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Michael Westerveld, Kimberlee J. Sass, Gordon J. Chelune, Bruce P. Hermann, William B. Barr, David W. Loring, Esther Strauss, Max R. Trenerry, Kenneth Perrine and Dennis D. Spencer

favorable outcome in younger patients and have established a pathological similarity between the substrate of temporal lobe seizures in children and adults. However, although anecdotal mention of cognitive and behavioral outcome is noted, no systematic evaluation of cognitive outcome was performed. More recent series have provided increasing evidence of pathological similarity between childhood and adult temporal lobe epilepsy, 12–14 and have demonstrated that temporal lobectomy performed during childhood produces favorable results, with similar or greater frequency

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Sung C. Choi, Thomas Y. Barnes, Ross Bullock, Teresa A. Germanson, Anthony Marmarou and Harold F. Young

M any investigators have studied the problem of predicting outcome in severely head-injured patients. The importance of this prediction has been discussed in our previous papers; 5–7 16, 17, 19 however, little attention has been focused on the temporal progress of patients after discharge. In this paper, we examine the temporal profile of severely head-injured patients from discharge to 12 months posttrauma. The Glasgow Outcome Scale (GOS) 9 is used to classify outcome into five categories: good recovery, moderate disability, severe disability, vegetative

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Johannes Leitgeb, Walter Mauritz, Alexandra Brazinova, Ivan Janciak, Marek Majdan, Ingrid Wilbacher and Martin Rusnak

published. 13 Some authors have developed algorithms to estimate the probability of functional recovery 29 or poor outcome. 22 However, most of the studies on acute SDH came from single centers, were performed more than 10 years ago, and enrolled comparatively few patients. In addition, most previous studies enrolled patients with mild, moderate, and severe TBI. The goal of this study was to identify factors influencing outcomes after severe TBI due to acute SDH using fairly recent data from a large sample of patients enrolled in Austrian trauma centers. Methods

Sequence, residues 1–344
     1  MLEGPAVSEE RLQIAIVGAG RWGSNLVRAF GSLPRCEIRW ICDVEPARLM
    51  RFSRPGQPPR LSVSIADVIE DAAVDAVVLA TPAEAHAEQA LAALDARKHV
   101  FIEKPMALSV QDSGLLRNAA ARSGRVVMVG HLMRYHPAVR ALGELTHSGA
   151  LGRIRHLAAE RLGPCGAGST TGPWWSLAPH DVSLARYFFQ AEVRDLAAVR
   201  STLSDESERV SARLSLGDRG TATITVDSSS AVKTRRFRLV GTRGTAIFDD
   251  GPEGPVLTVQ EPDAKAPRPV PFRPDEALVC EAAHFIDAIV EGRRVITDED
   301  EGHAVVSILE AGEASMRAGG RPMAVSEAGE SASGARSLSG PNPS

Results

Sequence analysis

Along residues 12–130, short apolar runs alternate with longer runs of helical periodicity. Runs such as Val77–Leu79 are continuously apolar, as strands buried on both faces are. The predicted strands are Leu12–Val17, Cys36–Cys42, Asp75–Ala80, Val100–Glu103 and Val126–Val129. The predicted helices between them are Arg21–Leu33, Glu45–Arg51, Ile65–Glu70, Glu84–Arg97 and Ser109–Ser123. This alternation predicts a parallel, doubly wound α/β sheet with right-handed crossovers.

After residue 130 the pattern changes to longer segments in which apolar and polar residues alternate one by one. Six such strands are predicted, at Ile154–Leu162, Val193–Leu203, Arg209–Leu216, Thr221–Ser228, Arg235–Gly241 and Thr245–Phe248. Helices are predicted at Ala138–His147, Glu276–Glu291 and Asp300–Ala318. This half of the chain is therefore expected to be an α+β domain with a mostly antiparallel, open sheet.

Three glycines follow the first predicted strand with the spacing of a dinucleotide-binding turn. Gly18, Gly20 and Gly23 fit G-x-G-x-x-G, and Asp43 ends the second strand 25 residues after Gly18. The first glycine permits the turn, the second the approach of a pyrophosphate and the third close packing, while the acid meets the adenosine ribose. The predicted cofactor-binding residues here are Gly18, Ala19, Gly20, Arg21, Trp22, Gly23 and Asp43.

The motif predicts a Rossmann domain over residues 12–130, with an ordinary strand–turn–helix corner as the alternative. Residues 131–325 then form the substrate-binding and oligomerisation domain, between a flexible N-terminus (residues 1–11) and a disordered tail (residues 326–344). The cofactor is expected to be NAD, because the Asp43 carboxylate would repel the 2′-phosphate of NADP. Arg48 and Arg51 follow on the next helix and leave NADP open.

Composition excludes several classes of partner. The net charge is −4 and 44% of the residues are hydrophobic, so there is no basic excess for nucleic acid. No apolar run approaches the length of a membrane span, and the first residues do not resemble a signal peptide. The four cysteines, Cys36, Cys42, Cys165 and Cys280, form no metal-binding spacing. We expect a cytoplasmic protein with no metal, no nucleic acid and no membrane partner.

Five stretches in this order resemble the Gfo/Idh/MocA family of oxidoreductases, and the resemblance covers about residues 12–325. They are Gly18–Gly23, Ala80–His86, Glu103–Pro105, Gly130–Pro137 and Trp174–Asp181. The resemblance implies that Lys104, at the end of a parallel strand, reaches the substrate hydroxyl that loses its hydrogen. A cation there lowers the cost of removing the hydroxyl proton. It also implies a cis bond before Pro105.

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Karl-Erik Jakobsson, Hans Säveland, Jan Hillman, Göran Edner, Stefan Zygmunt, Lennart Brandt and Luigi Pellettieri

migraine, sinusitis, tension headache, or cervical spine disorder. 3, 5, 8, 17, 27 An association between admission clinical status and outcome in aneurysmal SAH has been demonstrated; 91% of patients with a Hunt and Hess 13 Grade I made a good recovery after early surgery for a ruptured aneurysm, whereas 58% of patients with a Grade III and only 13% of patients with a Grade IV made a good recovery. 26 If the warning leak is recognized, patients will benefit by undergoing surgery in better neurological condition than would be the case after a major aneurysm rupture

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Subhas Konar, Dhaval Gohil, Dhaval Shukla, Nishanth Sadashiva, Alok Uppar, Dhananjaya I. Bhat, Dwarkanath Srinivas, Arivazhagan Arimappamagan and Bhagavatula Indira Devi

convexity or in the interhemispheric space. Few case series 2 , 7 , 8 , 10 , 12 , 17 , 19 , 23–25 or case reports 1 , 3 , 6 , 14 , 18 , 22 of SDE have been published in the literature but prognostic factors for outcome have not been analyzed. In the present study we analyzed the prognostic factors for outcome in children with SDE. Methods This is a retrospective study conducted at a high-volume neurosurgical center in a developing country (India). The study duration was from January 2005 to December 2017. The study was conducted within the norms of local institutional